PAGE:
Eating Local

The benefits of a local and seasonal diet.

The benefits of a local and seasonal diet.


There’s been a lot of talk lately about local eating. Books like The 100 Mile Diet, Food Matters and The Omnivore’s Dilemma have certainly brought the benefits of eating consciously to the forefront.

Reducing our environmental footprint is one of those benefits. Some studies show that even our most basic meals may have traveled between 2,400 and 4,000 kilometres to get to our table. According to Canadian writers Alisa Smith and J.B. MacKinnon, who originated the 100 Mile Diet, the average Canadian meal “uses up to 17 times more petroleum products, and increases carbon dioxide emissions by the same amount, compared to an entirely local meal.”

Choosing to eat locally grown foods also supports community farms and the local economy. Consider this: a few years ago, CBC Radio reported that if the Greater Toronto Area could no longer import food, they would run out in only three days. A very good reason indeed to support farming in our communities!

While eating a 100% local diet may not be a practical approach for everyone all the time, efforts to increase awareness of where our food comes from can only help build healthier bodies and strong communities.

Eating more locally and seasonally means we have to get reacquainted with food from our youth – cabbage, turnip, carrots, and other root vegetables – especially in winter. The definition of seasonal also includes fresh foods that have been frozen, pickled, canned and preserved. All of these storage methods have seen a resurgence lately.

Eat local initiatives

Local foods tend to be fresher, tastier and more nutritious since they are picked ripe and are transported shorter distances. They can be cheaper too, which is important to most families these days.

Farmers’ markets or pick your own are good options for accessing local foods. Even some supermarkets are carrying and labeling local produce. Another option is to buy into a Community Shared Agriculture (CSA) farm, which means paying upfront to get a share of what the farmer produces throughout the season. This is becoming an increasingly popular program that encourages the continuation of the farming tradition.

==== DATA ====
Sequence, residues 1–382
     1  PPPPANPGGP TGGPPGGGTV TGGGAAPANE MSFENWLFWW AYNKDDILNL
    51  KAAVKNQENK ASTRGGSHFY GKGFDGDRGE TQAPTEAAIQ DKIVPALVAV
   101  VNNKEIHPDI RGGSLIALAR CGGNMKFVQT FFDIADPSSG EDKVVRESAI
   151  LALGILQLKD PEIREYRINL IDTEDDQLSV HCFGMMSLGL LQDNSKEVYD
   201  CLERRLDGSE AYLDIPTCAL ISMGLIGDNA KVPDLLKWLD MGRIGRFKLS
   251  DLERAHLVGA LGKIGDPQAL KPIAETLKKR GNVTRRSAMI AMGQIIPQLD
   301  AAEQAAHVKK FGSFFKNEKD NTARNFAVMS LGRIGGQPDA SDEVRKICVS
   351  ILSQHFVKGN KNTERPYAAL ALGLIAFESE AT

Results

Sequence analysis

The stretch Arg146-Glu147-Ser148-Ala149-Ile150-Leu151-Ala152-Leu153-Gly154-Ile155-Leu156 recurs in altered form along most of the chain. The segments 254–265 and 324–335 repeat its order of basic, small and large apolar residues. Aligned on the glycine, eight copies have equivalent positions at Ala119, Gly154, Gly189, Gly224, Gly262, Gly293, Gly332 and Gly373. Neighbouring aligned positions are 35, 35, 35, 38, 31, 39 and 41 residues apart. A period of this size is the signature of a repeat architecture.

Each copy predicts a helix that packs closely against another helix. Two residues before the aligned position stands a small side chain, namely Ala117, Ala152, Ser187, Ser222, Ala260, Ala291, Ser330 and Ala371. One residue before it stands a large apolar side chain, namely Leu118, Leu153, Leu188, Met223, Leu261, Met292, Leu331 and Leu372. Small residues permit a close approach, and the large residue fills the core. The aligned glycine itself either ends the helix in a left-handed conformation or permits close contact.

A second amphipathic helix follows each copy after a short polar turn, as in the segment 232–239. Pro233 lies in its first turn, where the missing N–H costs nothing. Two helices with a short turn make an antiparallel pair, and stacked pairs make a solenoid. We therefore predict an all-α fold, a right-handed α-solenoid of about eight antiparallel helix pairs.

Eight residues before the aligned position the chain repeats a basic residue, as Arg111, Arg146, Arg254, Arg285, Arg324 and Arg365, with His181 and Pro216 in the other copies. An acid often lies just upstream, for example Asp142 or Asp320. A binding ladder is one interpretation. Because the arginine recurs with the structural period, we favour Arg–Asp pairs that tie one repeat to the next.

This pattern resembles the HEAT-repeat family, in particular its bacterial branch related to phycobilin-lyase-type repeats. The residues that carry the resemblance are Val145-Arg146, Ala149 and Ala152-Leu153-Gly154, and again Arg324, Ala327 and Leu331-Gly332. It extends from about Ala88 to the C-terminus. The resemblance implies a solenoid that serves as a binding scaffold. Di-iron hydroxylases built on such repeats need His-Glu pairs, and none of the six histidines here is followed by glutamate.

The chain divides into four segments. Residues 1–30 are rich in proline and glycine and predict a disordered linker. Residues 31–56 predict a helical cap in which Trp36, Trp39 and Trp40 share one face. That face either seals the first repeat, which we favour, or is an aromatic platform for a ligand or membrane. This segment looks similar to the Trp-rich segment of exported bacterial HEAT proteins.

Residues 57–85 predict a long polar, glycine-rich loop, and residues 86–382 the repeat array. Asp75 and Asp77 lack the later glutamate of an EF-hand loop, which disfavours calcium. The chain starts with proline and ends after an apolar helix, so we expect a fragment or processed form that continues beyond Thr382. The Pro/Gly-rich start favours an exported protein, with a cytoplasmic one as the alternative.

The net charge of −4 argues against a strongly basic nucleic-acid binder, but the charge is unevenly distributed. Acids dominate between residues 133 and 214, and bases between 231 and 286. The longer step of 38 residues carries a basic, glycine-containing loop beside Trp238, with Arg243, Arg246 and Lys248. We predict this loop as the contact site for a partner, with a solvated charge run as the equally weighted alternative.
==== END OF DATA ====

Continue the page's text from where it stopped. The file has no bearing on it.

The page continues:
Of course, another way to enjoy fresh seasonal produce is to plant your own garden. Kids love to be involved in growing their own food and this really inspires them to eat healthier and be connected to their food source.

There are many other initiatives that bring awareness and education to the public about the possibilities of incorporating locally grown foods.

Area public health units sponsor nutrition programs like community gardens that help individuals put clean and safe local food on the table. Initiatives such as this ensure that everyone, no matter what their income level or whether they have property, has access to quality food while acquiring practical life skills.

Other organizations are coming together to explore ways to showcase local farmers/producers and encourage eating establishments to serve local foods as much as possible. Even the tourism industry is featuring local food to entice travelers.

If you’re interested in embarking on a more local eating regime, visit these website for tips:
www.100milediet.org
www.100mileradius.ca
www.foodland.gov.on.ca/english/availability.htm

Author: Louise Racine

Louise Racine is a certified nutritional practitioner and owner of Thirteen Moons Culinary Wellness Retreat. Visit the website for info and recipes Thirteen Moons.

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